Rham Equipment – Excited to Innovate
Rham Equipment is a company that has excelled in solving problems faced by the mining industry.
For over 35 years Rham Equipment has been producing specialised mining equipment. The company has supplied over 2,000 units to the underground mining industry, in both the hard rock and coal sectors. But what drives the company is the prospect of solving a new engineering challenge.
We consider ourselves to be one of the most innovative companies around the world. We never stop,” says Kevin Reynders, Rham Equipment’s Managing Director.
Indeed, while Rham Equipment has shown healthy growth, Reynders confesses the company has grown less quickly than it might have because they are addressing so many projects are once. It’s a problem he’s happy to have.
“It’s a typical engineer’s dream company,” he says. “We formulate ideas and develop objects. We welcome innovation and learn through our experiences, enabling us to adapt and offer more effective and suitable solutions to the industry.”
As well as being keen to get their teeth into any new engineering project, Rham benefits from being a South African company through and through, understanding their clients and their challenges. The company’s thoroughly local outlook gives them the perspective necessary to tailor-make products for its clients. The enthusiasm of Rham’s engineers means they can offer quick turnarounds as everyone gets excited by a new project and is keen to get involved.
Punching Above Their Weight
Every business has to deal with competition, but Rham Equipment is operating in a market occupied by much larger foreign competitors. It’s an environment where Rham’s agility and attention to detail are essential to remaining competitive. The market is dominated by large OEMs, which can make it a challenge for smaller local companies to break into the market.
“People tend to believe that established OEMs have been in the business for years build good equipment and are therefore reluctant to change and consider more effective alternatives,” Reynders says. “But as we say these large OEMs build for the world, we build for each individual mine.”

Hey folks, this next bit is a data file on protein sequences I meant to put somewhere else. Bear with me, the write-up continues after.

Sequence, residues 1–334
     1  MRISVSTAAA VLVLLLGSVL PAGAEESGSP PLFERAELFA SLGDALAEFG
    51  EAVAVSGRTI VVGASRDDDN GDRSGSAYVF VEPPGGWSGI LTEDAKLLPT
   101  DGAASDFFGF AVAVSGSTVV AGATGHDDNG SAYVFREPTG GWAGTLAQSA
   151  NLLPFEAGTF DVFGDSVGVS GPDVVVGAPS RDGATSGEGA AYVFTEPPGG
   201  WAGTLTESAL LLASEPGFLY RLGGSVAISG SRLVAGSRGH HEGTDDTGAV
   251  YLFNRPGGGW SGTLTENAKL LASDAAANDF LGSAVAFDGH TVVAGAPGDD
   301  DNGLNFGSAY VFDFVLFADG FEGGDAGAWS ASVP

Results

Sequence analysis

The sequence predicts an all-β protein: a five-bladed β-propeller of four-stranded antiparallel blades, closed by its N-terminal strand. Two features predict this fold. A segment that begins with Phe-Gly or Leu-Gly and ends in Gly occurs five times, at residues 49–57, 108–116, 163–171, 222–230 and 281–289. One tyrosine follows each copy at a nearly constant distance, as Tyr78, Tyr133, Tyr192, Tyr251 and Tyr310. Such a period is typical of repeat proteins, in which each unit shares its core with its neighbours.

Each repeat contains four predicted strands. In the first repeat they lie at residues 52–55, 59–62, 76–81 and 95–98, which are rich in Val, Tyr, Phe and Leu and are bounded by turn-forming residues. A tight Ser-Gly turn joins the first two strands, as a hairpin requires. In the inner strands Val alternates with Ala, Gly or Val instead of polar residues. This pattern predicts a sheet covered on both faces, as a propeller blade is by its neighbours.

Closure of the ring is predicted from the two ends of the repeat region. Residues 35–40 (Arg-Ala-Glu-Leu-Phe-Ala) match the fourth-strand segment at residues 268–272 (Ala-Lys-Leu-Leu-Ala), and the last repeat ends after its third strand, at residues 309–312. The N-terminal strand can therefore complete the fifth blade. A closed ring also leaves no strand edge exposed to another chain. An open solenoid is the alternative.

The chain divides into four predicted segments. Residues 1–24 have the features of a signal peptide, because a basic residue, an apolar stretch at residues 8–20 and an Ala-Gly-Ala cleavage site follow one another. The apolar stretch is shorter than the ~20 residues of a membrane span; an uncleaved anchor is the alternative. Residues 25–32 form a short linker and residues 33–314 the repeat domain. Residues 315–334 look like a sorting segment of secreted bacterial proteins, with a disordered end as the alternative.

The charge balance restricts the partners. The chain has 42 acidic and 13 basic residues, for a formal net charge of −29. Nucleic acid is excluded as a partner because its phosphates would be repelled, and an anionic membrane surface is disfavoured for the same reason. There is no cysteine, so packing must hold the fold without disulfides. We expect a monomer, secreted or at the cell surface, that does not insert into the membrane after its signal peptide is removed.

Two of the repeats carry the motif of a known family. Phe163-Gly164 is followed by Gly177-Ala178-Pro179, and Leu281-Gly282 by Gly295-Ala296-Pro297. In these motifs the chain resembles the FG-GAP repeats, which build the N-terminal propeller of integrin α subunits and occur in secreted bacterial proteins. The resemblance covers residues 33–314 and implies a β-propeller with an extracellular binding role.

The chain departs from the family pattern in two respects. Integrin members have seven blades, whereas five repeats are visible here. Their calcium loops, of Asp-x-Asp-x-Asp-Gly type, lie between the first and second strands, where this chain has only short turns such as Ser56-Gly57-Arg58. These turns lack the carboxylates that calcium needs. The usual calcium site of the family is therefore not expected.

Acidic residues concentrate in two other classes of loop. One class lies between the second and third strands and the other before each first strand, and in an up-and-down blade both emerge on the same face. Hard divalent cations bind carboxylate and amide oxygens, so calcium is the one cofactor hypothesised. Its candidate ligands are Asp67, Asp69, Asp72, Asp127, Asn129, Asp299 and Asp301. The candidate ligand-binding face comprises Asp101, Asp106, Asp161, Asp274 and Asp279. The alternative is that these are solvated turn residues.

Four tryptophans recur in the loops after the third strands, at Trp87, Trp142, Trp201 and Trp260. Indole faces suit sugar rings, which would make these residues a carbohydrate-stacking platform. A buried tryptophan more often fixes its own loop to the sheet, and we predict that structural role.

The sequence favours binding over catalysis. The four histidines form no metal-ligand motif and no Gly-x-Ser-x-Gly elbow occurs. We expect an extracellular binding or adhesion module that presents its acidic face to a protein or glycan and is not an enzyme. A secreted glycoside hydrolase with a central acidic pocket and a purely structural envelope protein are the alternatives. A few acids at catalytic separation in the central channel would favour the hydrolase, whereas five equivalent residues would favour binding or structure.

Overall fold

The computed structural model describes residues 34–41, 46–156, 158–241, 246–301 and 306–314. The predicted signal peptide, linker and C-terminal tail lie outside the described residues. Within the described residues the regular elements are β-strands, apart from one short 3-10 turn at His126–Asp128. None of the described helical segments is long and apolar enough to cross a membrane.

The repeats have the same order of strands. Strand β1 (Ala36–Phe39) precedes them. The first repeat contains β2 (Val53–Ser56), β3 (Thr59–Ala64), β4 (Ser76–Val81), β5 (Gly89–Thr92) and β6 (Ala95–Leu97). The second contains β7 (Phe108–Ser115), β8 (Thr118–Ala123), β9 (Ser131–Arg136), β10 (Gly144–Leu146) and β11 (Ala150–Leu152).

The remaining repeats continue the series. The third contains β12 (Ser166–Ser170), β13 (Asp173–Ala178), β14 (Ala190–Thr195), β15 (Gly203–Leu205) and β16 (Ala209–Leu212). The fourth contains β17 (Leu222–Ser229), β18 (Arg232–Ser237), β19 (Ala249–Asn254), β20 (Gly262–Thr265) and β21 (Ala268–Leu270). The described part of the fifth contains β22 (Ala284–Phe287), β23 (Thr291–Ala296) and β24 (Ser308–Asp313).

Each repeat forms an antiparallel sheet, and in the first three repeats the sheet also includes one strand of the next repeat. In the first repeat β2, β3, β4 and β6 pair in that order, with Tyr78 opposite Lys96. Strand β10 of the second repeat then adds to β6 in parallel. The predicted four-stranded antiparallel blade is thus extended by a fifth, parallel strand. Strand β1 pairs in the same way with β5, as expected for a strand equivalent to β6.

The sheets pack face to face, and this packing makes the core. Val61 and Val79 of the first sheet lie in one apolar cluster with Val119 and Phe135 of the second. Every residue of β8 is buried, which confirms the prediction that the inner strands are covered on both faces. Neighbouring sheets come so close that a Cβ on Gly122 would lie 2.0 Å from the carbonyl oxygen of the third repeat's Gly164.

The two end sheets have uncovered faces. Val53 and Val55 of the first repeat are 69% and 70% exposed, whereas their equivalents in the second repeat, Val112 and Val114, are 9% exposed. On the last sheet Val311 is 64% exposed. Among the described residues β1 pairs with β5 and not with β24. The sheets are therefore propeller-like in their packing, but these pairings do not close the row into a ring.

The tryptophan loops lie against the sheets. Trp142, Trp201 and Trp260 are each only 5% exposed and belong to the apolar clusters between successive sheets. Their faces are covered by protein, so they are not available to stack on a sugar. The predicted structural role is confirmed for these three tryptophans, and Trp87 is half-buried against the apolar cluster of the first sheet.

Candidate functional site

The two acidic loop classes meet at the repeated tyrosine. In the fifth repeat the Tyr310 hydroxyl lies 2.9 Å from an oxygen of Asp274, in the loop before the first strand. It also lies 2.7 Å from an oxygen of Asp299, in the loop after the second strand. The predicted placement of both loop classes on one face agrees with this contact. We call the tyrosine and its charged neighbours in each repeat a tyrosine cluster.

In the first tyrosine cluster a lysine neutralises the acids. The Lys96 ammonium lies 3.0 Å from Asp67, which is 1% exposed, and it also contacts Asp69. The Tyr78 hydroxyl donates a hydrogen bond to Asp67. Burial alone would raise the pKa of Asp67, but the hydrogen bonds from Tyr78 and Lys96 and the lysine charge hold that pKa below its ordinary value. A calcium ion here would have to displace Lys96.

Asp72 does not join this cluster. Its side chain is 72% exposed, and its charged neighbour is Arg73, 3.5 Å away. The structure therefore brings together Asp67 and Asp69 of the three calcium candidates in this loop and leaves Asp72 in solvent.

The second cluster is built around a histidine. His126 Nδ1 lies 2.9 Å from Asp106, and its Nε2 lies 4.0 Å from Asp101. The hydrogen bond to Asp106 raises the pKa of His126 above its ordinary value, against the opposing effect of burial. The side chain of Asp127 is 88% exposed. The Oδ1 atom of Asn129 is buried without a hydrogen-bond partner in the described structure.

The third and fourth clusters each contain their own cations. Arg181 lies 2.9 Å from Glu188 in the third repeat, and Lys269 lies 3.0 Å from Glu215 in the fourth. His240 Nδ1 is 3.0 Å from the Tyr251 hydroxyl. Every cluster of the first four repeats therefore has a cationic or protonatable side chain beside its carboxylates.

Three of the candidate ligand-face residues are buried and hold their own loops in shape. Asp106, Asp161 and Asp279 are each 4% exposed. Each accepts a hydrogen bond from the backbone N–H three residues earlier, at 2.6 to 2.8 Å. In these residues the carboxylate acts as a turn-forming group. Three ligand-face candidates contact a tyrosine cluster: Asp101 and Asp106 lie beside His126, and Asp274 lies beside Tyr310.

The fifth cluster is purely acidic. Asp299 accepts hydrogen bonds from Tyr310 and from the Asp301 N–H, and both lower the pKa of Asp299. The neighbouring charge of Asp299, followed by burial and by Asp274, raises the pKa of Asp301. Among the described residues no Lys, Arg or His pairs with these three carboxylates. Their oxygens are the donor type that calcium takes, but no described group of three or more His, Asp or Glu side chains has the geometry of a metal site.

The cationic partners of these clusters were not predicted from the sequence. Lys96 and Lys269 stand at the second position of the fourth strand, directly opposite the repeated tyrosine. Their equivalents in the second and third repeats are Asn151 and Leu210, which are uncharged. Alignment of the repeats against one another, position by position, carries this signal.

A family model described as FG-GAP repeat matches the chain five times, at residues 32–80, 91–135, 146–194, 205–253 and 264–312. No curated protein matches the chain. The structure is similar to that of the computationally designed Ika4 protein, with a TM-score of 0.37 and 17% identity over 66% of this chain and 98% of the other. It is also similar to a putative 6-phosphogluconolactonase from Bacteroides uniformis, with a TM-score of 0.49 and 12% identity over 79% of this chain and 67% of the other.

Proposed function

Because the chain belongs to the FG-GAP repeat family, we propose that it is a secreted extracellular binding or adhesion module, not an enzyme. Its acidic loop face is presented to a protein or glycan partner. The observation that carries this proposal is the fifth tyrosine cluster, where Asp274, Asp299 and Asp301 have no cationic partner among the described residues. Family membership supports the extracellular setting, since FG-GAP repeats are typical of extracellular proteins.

Rham Equipment also has the challenge of funding its work entirely out of its own pocket, where corporate OEMs have greater financial resources to draw on in terms of borrowing money and access to different buying models. However, while the challenges are real, Reynders believes South Africa is undergoing a period of change with regard to procurement.
“South Africa is changing, so mining houses have to spend more on local procurements. We’re all moving towards a more circular economy within South Africa,” Reynders explains.
South Africa exports much of its production while struggling with high unemployment levels, a situation that Reynders argues can be improved by focusing on locally-sourced content.
In terms of selling their own products, Rham has one very simple strategy. Saying “Try it”.
“The most effective way to change the mind of the end-user is to afford them the opportunity to trial the required machine,” Reynders tells us. “That’s the easiest way to win business, go to a mine and put a machine there.”
Rham Equipment regularly offers potential customers equipment to trial for three or four months before successfully transitioning into a rental agreement and eventually, outright equipment purchases. Rham Equipment’s design and manufacturing process considers the conditions in the specific mine where it will be used, giving it an immediate competitive advantage.